I am currently learning the difference between zi and ze sound, and it is so hard for me to learn this.

  1. Could somebody tell the difference between them ?

  2. How to distinguish between zi and ze sound ?

  3. Please hear this recording (https://soundcloud.com/reinard-wu/zi-or-ze) and tell me this sound zi2 or ze2 ?


6 Answers 6


This used to bug me a lot. It turns out linguists disagree about exactly how to describe this, but the effect is similar either way.

One school says the pinyin syllables zi, ci, si, zhi, chi, shi, ri have a syllabic consonant and not a true vowel. The other school calls i in those syllables an "empty rime", Chinese 空韵 kōngyùn.

Either way there is no vowel sound, only a voiced consonant. That is why i here is so different from in li or qi and so on where i has a vowel sound. Zi sounds like it has a vowel e to a lot of beginners because we think there has to be vowel sound and e is pretty neutral. But there is no vowel sound.

To put it another way: you can say zzzzzz for a long time with no vowel at all. To pronounce zi you do the same thing only for a short time (and of course add the right tone). Same with sssss and zhhhh and shh and rrrr.

On the other hand, ze truly has a vowel sound e.

I think the best explanation is in the excellent Yen-Hwei Lin Sounds of Chinese. She uses the term syllabic consonant.


Adding to Colins's answer, in IPA, zi is /t͡sz̩/ (basically tszzz), and ze is /t͡sɤ/ (tse).

  • What you describe is the difference between ci and ce, not between zi and ze.
    – Tsundoku
    Sep 15, 2016 at 18:14
  • @ChristopheStrobbe c is aspirated, z is not. See en.wikipedia.org/wiki/Help:IPA_for_Mandarin.
    – Aryaman
    Sep 19, 2016 at 22:12

Firstly, this is a complicated question if we want to be accurate linguistically, even most native chinese speakers dont't really realize and know how to describe this. I will try my best to be accurate and clear.

In "zi" and many other chinese "i", it is actually a close close central(central-back in some occurrences) unrounded vowel (https://en.wikipedia.org/wiki/Close_central_unrounded_vowel), you can find the same vowel in some languages, like Russian and Romanian...

To pronounce it properly, you can start with the front version([i]), and slowly push your tongue back towards the central part of your mouth, the muscule less tighten:

Here is a video to show the position when we pronounce it https://www.youtube.com/watch?v=-kf38DDGB_g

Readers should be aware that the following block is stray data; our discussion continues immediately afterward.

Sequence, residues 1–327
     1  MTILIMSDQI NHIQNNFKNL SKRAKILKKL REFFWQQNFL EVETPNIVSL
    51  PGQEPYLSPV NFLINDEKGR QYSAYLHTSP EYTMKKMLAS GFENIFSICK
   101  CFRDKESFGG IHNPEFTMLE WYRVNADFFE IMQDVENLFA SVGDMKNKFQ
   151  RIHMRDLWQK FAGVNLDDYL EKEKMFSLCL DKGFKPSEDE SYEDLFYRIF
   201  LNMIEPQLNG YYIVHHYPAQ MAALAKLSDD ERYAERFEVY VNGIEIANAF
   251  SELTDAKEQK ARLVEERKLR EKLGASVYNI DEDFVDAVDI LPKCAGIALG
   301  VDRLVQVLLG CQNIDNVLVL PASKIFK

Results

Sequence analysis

Again, this is a vowel that does NOT exist in English, you have to create a new sound not used to

Once you get the i(close central unrounded vowel), you will find easy to tell zi and ze. In ze, the vowel is almost the same in firm(british accent, if you want to be more accurate, it is less opened than "ir", it is a close-mid back unrounded vowel (https://en.wikipedia.org/wiki/Close-mid_back_unrounded_vowel)).

But ATTENTION, the chinese pinyin can be tricky with "i" , in some cases it means the front vowel i (which is e in english), some other cases it is the central one (like in Romanian)


It will depend on the tone somewhat. In zdic.net you can enter pinyin zi1 or zi2 and so on.

Try here for many zi http://www.zdic.net/z/pyjs/?py=zi2#z

Funnily, there are only 3 zi2 listed.
Then you can click on any character, its page will open and there is a loudspeaker icon for you to listen to it.

Here you can find a lot of ze


Personally, I think ze has an errr sound, like when you see something you don't like in English you might say "errr", lips forward, whereas zi the lips are stretched to the sides a bit


My answer for Q1 ("what's the difference") is to describe subjectively how I go about making these two different sounds. It's a simple technique I found (on internet somewhere maybe?) after around a year studying Mandarin.

When I say zi in any tone, for the "i" part I try to keep my lower jaw still, my lips almost together, and leave my tongue close to where it was when I was saying the "z". It feels like a closed shape.

When I say ze, for the "e" part I drop my jaw, opening the lips and moving the tongue downwards. It feels like an open shape.

This gives two distinct vowel sounds to my ears, and seems to be good enough. It works for zi/ze, si/se and ci/ce.

For Q2 ("how to distinguish between them"), just practice saying zi and ze, using the method above and listening to the differences. For me the main difference can be summarised by "closed/open": zi sounds "closed" and ze "open" to me.

For Q3, it sounds like ze2 to me.


Easy to distinguish for a native speaker. For example,“I blamed myself for this error.” In Chinese, “我为这个错误自责 (zì zé)”

Just practice,and practice makes perfect.

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